Some very distant galaxies at 12.8 billion ly away were a vibrant greenish blue color. What color would they look like without the redshift for an observer who was right there in the galaxy? In the ultraviolet? Or even in the x-ray color?
At a guess I would say the were very bright in UV, ie. undergoing intense star formation.
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Re: APOD: The Hubble Ultra-Deep Field in Light... (2018 Mar 05)

Post by neufer » Mon Mar 05, 2018 10:52 pm

Qev wrote:
Mon Mar 05, 2018 9:02 pm
De58te wrote:
Mon Mar 05, 2018 11:56 am

Some very distant galaxies at 12.8 billion ly away were a vibrant greenish blue color. What color would they look like without the redshift for an observer who was right there in the galaxy? In the ultraviolet? Or even in the x-ray color?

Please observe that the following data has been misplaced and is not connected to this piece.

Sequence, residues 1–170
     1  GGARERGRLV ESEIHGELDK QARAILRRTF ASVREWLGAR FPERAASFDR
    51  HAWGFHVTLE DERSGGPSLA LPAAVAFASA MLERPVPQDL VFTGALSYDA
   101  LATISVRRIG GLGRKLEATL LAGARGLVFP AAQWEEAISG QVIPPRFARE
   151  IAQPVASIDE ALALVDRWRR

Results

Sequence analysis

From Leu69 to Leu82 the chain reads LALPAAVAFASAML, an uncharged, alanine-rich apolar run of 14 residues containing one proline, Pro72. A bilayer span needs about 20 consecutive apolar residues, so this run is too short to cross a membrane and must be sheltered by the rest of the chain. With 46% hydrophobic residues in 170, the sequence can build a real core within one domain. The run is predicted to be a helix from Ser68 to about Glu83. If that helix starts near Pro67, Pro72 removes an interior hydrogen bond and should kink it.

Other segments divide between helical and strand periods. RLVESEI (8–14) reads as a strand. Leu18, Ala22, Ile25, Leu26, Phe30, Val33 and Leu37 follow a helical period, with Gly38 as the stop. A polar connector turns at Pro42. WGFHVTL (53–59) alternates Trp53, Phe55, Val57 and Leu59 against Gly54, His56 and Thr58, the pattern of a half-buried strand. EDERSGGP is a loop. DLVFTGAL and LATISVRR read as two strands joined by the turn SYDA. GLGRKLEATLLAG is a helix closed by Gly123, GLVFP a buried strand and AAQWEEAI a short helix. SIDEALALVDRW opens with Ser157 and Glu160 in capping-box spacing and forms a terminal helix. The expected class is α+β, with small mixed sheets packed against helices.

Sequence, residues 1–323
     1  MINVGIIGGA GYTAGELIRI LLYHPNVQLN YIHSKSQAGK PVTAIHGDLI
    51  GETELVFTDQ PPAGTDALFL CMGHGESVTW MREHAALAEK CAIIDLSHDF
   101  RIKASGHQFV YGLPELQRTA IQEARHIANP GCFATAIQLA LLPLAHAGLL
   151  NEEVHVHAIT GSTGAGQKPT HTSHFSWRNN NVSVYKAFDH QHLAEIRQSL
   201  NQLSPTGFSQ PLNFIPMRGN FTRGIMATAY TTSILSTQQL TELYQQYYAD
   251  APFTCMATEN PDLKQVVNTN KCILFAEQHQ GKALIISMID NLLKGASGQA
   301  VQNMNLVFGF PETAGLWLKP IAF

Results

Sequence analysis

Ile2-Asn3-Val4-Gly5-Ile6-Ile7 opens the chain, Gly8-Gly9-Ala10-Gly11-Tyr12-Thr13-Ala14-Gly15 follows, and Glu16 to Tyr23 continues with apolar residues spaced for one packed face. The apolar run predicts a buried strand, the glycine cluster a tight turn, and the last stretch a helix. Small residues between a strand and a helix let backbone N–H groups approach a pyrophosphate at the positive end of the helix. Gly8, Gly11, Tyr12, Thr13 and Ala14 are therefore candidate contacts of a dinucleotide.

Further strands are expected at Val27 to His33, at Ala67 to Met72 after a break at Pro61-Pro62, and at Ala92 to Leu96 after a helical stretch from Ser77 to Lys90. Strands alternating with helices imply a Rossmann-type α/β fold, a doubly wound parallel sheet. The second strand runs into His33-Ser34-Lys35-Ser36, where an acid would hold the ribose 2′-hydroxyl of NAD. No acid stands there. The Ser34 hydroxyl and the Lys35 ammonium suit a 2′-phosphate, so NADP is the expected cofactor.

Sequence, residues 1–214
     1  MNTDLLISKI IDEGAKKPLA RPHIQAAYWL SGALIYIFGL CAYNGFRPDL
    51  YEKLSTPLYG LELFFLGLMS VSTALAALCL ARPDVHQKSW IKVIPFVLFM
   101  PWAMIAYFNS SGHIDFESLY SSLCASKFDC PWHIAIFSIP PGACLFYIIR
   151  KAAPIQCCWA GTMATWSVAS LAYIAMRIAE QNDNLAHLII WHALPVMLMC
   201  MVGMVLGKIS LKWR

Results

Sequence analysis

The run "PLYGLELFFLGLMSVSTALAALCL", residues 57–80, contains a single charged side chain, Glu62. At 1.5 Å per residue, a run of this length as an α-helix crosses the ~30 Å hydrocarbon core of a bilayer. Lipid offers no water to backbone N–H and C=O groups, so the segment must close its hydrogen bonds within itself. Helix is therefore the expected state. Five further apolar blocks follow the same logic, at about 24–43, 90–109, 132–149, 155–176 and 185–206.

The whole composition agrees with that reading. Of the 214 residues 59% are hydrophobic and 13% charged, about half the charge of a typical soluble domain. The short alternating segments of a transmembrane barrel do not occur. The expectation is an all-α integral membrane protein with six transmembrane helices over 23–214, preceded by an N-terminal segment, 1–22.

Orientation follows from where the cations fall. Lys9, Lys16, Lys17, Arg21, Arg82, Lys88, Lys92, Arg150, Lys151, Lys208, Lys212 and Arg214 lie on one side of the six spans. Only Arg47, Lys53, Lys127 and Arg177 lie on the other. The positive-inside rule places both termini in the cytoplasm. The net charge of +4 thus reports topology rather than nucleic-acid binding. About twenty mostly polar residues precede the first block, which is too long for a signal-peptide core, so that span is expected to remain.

At a guess I would say the were very bright in UV, ie. undergoing intense star formation.
The HUDF filters run from 435 nm to 1600 nm.

(Our own retina cone cells only run from 430 nm to 572 nm and are unable to distinguish
a broad green black body star like the sun as actually being green as opposed to white.)

12.8 billion (years in the past) corresponds to a redshift z ~ 6.1 Hence, the displayed redshifted (1+z ~ 7.1) colors from violet to red actually run from 61 nm to 225 nm
(corresponding to O to B black body star temperatures from 48,000K to 13,000K).

To an observer who was right there in the galaxy (now) & whose eyes are insensitive
to the UV given off by those O to B stars the galaxies would appear normal.

[To an observer who was right there in the galaxy (12.8 billion years ago) & whose eyes are insensitive
to the UV given off by those O to B stars the early galaxies might appear somewhat bizarre.]
Last edited by neufer on Tue Mar 06, 2018 2:24 pm, edited 3 times in total.